Record Details

Physics and applications of microresonator solitons and electro-optic frequency combs [electronic resource] / Xu Yi ; Kerry J. Vahala, advisor.
Pasadena, California : California Institute of Technology, 2017.
1 online resource (xxvi, 143 leaves) : digital (9 Mb), illustrations (some color).
CIT theses ; 2017
Frequency combs are having a broad impact on science and technology because they provide a way to coherently link radio/microwave-rate electrical signals with optical-rate signals derived from lasers and atomic transitions. A new, miniature realization, the microcomb, that uses chip-based microresonators can potentially revolutionize instrumentation, time keeping, spectroscopy, and navigation. Microcombs were first demonstrated using a form of cascaded four-wave mixing. However, the recent discovery of dissipative soliton microcombs enables phase-locked spectra with reproducible envelopes, as required in many frequency comb applications. In addition, these solitons are confined in a high-Q microresonator, thereby creating a rich landscape for research in nonlinear optical phenomena. In this thesis, these solitons are demonstrated for the first time in a silica microcavity. Significantly, the device provides a microwave-detectable soliton repetition rate, which is essential to many comb applications. The unusual properties of the solitons are studied from a theoretical viewpoint using a Lagrangian formalism and predictions of the theory are confirmed experimentally. In the course of this work, a new optical soliton, the Stokes soliton, was also discovered. In addition to soliton mode locking, another novel and compact platform, the electro-optical modulation frequency comb, was studied. This type of frequency comb was used to demonstrate a novel electro-optic form of frequency division for stable microwave synthesis. It was also modified to perform astronomical calibration for exoplanet detection at the Keck Observatory in Hawaii.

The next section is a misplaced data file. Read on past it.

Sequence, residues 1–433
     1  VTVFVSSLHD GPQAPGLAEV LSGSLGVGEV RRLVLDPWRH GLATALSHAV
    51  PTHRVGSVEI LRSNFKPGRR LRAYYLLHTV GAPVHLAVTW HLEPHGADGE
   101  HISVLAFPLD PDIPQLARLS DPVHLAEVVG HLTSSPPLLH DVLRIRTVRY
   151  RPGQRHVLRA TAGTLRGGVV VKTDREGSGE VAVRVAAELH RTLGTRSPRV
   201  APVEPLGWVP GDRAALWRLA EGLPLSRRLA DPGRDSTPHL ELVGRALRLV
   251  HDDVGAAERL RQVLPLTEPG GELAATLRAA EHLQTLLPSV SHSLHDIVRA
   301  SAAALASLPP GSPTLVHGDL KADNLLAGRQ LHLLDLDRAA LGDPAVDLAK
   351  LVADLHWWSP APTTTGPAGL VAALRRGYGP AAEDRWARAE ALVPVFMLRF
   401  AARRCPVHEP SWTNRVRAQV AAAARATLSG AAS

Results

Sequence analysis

Advisor and committee chair names found in the thesis' metadata record in the digital repository.
Dissertation note:
Thesis (Ph. D.) -- California Institute of Technology, 2017.
Bibliography, etc. note:
Includes bibliographical references.
Linked resources:
Caltech Connect
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 Record created 2017-11-08, last modified 2018-09-17

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